Best Action/Adventure Flick.  Hands down, my pick for this category is Edge of Tomorrow, a twisty time-travel/sci-fi story starring Tom Cruise and the delightful Emily Blunt.  This movie totally underperformed at the box office, and it deserved much better.  They’re trying to re-brand it on DVD by essentially renaming it “Live. Die. Repeat.,” so don’t be confused when you rush down to the Redbox to rent it.  As runner-up in this category, I’ll give a nod to The Hobbit: The Battle of the Five Armies, which I thought was the best movie in the Hobbit trilogy.  For lack of anywhere else to put it, I will also recommend Noah, starring Russell Crowe as the biblical patriarch himself.  As long as you don’t insist on a literal retelling of the Genesis story, you should like it fine.

Best Animated Movie.  I think it was a 2013 release, but Frozen was the best of the few animated features I saw in 2014.  Enough said; Elsa doesn’t need any promotion from me.

Best Comedy.  This is always a tough category.  I enjoyed The Grand Budapest Hotel quite a bit, but it is hardly a straight comedy.  The same goes for the Woody Allen flick Magic in the Moonlight, which is a bit of a romantic comedy but has a little philosophical steel to it.  As for the new movies I saw that were straight comedies (e.g., 22 Jump Street, Neighbors)—forget about them.  They were terrible.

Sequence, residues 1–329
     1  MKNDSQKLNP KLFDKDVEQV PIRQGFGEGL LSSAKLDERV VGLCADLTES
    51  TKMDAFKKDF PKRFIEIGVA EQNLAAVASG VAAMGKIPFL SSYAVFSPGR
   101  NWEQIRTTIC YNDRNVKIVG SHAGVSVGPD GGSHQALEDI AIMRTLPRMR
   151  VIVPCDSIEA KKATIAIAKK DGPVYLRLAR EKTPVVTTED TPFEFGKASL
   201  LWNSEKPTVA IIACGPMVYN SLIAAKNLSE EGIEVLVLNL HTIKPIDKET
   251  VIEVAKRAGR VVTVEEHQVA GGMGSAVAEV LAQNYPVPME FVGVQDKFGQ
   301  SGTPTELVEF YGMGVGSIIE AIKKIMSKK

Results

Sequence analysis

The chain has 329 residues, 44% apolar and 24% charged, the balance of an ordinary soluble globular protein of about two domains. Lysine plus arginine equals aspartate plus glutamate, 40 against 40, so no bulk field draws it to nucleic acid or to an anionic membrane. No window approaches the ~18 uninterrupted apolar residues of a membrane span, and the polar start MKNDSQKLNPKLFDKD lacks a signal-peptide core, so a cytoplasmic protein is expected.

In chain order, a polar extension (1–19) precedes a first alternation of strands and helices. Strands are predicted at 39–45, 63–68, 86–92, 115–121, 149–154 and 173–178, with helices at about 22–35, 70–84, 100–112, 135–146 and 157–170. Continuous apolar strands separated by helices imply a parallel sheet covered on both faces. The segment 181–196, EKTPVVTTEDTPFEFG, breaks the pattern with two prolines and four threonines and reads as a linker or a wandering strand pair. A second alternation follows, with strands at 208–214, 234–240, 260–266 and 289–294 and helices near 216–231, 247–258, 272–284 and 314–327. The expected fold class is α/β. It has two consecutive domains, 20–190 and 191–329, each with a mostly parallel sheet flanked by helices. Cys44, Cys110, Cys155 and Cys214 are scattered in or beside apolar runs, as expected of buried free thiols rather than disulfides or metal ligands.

Best Documentary.  For sci-fi geeks like me, it would be hard to beat Jodorowsky’s Dune, a documentary about a visionary science-fiction movie that never got made.  I also enjoyed Tim’s Vermeer, about an inventor who tries to figure out how Vermeer painted such awesome paintings, and Life Itself, a biopic about my late colleague Roger Ebert.  Particle Fever, about the superconducting supercollider in Europe, was also interesting and enjoyable.

Best Drama.  Well, the two best dramas I saw last year were foreign films, so I’ll save them for that category.  Instead, I’ll give this honor to a 2013 release, Philomena (which was apparently an American-British-French co-production).  It’s a sad movie, based on a true story about an Irish woman trying to find her son, who was taken away from her and adopted out decades earlier because she was an unwed mother.  Judi Dench is great in it, but then she’s always great, pretty much.  I also liked The Fault in Our Stars pretty well.